As I read on in the wee hours, I was frustrated how dumbed down the math was expressed. I am accustomed to formulas being rather simple, with set letter variable representing a concept, it bothered me to have formulas expressed in whole words. For instance, if someone said, "the amount of mass multiplied by the speed of light squared equals its energy potential," that is not as elegant as writing E=mc2. It also made it hard for me mnemonically. I almost broke out the Greek alphabet to come up with my own theorem. I know the course is open to almost anyone, regardless of their familiarity with basic algebra, but since a good deal of my other classmates were confused, there must be an intrinsic flaw in the approach.

I stopped reading any further; my brain started racing. Why isn't there a name equivalent to Pythagoras or Descartes in real estate thinking? Even other applied sciences, like medicine and engineering, have its superstars, like Louis Pasteur or George Washington Carver. (BTW, I later learned if you wanted to go the full monty and get a degree in Real Estate, it would be a Bachelor of Science.) I started thinking, "Forget string theory. My theory of everything will include real estate."

Thinking like this, my "eureka" light-bulb moments, gets me off. I longed to speak to someone about it. Thursday in class, I was on the edge of my seat completing the math problems. The classmate next to me, Toni, was a former engineer, and I commiserated with her a bit. That night, Ruby was not able to chat at length with me when I was at her house; my son, fussy in the alien surroundings, took so long to lay to rest; I only studied for a short spell with Edward, who made a late-night business run. I was left so unsatisfied — but I don't know what satisfaction I could have had that night. A small nugget of gratification came the next day when I vented briefly to Skip, Ruby's husband, as he drove me to the subway that rainy morning.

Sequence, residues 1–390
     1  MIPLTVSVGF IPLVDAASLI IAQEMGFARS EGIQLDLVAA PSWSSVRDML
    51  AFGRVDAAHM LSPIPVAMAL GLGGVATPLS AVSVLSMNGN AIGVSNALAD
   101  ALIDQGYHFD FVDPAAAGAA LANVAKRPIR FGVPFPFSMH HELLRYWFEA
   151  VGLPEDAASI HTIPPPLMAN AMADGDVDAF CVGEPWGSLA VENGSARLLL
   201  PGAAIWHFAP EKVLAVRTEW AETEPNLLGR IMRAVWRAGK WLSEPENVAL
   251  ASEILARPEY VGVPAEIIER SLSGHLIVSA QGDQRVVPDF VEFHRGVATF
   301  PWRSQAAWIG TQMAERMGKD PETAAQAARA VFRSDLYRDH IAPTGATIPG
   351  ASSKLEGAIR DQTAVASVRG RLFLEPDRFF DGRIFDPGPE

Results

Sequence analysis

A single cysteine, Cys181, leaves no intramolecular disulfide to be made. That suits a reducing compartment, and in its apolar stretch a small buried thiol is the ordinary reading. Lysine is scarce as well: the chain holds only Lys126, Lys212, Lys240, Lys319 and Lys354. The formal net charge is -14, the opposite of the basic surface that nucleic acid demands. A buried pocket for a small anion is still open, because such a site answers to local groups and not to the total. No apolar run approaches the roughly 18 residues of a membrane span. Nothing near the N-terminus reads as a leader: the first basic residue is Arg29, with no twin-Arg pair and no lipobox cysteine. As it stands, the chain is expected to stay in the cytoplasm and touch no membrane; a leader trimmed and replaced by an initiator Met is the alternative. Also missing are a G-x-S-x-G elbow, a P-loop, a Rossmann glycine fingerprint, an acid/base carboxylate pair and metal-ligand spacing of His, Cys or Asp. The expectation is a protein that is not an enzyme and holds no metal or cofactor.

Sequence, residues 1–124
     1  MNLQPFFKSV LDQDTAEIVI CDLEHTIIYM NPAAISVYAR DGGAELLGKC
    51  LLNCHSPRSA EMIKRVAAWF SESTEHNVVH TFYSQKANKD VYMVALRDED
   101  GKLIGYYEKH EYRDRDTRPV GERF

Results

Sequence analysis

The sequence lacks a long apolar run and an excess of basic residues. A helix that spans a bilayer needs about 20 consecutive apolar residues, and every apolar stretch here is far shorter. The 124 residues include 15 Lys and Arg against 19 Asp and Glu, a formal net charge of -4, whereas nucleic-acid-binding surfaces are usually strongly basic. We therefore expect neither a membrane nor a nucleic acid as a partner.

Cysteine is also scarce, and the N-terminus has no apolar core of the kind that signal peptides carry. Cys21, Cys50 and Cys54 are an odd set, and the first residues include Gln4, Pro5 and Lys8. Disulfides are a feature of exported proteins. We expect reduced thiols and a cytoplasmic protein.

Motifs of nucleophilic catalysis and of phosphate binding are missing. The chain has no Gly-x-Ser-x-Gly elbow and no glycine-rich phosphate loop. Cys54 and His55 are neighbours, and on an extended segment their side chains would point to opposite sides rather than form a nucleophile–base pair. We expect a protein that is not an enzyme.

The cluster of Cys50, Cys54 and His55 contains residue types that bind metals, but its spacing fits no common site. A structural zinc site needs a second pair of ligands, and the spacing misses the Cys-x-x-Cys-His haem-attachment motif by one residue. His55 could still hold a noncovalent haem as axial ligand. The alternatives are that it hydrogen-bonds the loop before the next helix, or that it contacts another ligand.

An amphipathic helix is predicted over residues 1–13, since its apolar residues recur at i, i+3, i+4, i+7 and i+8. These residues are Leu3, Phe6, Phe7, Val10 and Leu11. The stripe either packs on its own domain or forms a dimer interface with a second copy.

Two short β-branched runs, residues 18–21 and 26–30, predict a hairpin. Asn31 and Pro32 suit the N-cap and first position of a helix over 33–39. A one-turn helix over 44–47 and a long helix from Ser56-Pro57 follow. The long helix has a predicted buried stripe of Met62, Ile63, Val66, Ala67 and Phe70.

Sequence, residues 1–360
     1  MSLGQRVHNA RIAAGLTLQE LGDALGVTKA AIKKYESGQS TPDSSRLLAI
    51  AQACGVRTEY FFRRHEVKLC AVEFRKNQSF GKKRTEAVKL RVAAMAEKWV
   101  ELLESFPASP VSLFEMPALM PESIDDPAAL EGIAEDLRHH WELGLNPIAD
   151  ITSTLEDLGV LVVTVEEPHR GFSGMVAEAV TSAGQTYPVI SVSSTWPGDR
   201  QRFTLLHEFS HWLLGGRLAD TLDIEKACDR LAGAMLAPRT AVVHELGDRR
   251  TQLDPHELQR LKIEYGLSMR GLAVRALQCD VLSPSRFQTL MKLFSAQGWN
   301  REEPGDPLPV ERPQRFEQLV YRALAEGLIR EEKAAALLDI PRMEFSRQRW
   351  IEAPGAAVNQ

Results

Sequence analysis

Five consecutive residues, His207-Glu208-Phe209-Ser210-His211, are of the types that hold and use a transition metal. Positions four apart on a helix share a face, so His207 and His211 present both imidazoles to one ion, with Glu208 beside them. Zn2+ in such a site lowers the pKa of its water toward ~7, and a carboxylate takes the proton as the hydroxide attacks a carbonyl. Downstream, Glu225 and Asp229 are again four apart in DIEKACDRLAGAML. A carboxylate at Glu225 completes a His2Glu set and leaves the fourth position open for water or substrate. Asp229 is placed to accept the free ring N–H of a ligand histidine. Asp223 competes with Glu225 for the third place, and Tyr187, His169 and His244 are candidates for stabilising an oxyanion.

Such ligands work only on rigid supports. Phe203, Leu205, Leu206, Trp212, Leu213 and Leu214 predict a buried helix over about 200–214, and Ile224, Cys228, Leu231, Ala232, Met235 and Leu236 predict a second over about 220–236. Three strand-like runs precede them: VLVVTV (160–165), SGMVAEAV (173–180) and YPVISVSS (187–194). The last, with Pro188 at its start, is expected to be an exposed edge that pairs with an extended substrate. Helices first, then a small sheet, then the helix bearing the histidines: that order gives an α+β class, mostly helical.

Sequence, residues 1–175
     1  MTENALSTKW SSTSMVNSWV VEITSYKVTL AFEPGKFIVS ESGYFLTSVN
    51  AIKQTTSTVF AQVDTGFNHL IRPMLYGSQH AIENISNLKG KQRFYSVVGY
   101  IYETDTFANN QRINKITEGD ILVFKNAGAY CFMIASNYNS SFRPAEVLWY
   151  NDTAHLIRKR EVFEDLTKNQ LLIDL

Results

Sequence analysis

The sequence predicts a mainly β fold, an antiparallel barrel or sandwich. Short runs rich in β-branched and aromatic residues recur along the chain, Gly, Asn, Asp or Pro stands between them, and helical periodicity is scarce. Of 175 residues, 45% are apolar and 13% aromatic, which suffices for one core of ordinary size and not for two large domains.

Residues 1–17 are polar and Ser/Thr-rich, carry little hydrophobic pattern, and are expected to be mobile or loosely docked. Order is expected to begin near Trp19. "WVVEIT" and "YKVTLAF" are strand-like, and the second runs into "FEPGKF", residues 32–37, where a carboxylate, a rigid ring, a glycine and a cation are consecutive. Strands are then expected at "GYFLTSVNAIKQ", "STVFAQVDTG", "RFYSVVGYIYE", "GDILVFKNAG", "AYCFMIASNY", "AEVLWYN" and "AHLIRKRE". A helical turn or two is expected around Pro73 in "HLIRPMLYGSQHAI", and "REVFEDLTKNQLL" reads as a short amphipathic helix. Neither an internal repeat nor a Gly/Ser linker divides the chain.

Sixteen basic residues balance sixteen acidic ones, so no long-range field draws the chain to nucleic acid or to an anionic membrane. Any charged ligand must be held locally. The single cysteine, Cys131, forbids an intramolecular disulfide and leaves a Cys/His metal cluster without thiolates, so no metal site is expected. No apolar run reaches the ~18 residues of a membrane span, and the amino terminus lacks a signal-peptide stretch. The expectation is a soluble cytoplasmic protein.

I think too much for my own good. Ironically, my motto in film school was, "I feel, therefore I am."
It also brought a smile to my face when Edward jokingly called me "Einstein" that night. If only he'd known.


I wasn't always a worrywart when it came to school. All through middle school and high school, I was the lackadaisical straight-A student, the one who wasn't really pressed about studying. I would fall asleep in the back of the classroom (after watching too much Arsenio Hall), with one hand propping up my head and the other holding a pencil, pretending to take notes. The giveaway would be the puddle of drool on the notepaper. My peers were PO-ed with me, that they worked their butts off and I would score above the curve. It became such a hassle that when I got my tests back, whatever the course — AP US History, AP Euro, AP Art History, AP Chem, Pre-Cal — I would lie to my classmates about my score, knocking off a few percentage points. If anything, I was competing with myself, not my other classmates. Boasting was an anathema to me.